Keiran's World World by word by word

Poo police track dogs (and owners) that dump

Sign of the foo. Photo © TimParkinson, via Creative Commons and flickr.com/timparkinson/

Sign of the foo. Photo © TimParkinson, via Creative Commons and flickr.com/timparkinson/

In the recent Incident of the Abandoned Ford Thunderbird, the Sooke resident who found the abandoned car, complete with registration papers, in the woods near Bear Creek posted a scathing rant online and notified police.

Instead of immediately fining the car’s owner under the conservation and motor vehicle acts, the RCMP turned the incident into a learning opportunity. They gave the owner a choice: remove and properly dispose of the vehicle within a given timeframe, or face fines of up to $3000.

The related media and online coverage served to remind us all of the laws against dumping garbage and unwanted goods on private and public lands.

The Capital Regional District defines illegal dumping as any activity by which waste materials are intentionally disposed of in an unauthorized location. This includes abandoning used goods on sidewalks, in alleyways and other public spaces. It includes the dumping of waste on logging roads and other rural spaces, and other ways of ridding oneself of garbage at another’s expense.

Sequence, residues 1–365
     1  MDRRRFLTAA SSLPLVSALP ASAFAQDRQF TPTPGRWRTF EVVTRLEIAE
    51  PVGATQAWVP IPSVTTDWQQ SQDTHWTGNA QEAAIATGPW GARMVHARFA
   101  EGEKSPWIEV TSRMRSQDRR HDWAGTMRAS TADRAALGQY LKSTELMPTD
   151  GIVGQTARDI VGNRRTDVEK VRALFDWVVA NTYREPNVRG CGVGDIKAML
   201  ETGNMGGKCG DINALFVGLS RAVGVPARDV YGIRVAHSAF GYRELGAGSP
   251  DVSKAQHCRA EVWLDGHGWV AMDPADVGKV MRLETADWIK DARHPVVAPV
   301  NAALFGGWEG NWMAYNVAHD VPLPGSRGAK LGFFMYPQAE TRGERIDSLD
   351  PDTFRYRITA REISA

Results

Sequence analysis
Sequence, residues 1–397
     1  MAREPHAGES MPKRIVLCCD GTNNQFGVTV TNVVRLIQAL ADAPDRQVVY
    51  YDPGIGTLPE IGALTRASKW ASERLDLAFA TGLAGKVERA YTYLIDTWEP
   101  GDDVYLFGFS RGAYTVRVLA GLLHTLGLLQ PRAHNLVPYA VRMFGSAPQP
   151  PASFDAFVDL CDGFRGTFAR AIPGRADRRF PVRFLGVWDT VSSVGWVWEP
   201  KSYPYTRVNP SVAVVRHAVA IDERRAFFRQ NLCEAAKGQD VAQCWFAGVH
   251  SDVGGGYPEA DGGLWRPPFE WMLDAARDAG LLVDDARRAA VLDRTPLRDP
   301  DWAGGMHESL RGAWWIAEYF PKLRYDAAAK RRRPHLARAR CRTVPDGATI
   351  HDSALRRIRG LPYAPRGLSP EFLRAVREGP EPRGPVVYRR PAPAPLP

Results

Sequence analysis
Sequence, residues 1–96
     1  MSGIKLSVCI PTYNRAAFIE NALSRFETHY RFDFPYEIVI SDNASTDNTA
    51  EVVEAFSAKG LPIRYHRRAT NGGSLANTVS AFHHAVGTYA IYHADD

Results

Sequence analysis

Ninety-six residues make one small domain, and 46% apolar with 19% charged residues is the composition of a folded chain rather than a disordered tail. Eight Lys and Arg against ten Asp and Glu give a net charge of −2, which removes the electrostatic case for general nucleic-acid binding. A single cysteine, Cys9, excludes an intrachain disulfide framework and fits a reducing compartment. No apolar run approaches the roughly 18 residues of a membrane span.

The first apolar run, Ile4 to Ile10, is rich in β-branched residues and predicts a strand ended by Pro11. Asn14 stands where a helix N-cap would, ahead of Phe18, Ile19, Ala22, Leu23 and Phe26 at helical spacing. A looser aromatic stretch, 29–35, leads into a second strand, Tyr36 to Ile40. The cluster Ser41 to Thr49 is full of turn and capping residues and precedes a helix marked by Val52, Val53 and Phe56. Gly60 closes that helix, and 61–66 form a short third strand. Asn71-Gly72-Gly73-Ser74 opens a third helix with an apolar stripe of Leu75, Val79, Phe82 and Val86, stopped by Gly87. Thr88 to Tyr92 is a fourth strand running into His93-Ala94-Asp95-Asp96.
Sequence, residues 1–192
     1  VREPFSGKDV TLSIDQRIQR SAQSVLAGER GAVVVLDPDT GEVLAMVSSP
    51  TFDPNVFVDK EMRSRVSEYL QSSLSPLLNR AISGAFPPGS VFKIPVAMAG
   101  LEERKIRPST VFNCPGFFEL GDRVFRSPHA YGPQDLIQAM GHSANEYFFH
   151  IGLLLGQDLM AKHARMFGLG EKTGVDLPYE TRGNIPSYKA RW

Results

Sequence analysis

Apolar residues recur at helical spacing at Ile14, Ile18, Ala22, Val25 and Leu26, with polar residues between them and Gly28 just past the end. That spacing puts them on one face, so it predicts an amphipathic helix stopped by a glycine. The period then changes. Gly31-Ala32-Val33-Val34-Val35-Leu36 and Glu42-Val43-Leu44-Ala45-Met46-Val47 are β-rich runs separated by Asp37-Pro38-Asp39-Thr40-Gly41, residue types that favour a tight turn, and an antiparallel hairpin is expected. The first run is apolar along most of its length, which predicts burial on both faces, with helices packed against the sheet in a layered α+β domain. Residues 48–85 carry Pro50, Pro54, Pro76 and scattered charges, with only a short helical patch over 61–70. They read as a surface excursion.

A 2011 survey of the region’s municipalities, recycling depots and non-profit recycling organizations indicates the most common materials illegally discarded here are furniture and mattresses, and the most frequent locations are along municipal boulevards.

I beg to differ. Far fewer sofas, mattresses and so on are left to rot along the region’s roadways in any given month than bags full of dog doo are left to decorate the bushes, trees and trails of our parks and green spaces….

Read the rest of this editorial at the Victoria Times Colonist….

Dog doo wars. Photo © Newtown Grafitti, via Creative Commons and flickr

Dog doo wars. Photo © Newtown Grafitti, via Creative Commons and flickr

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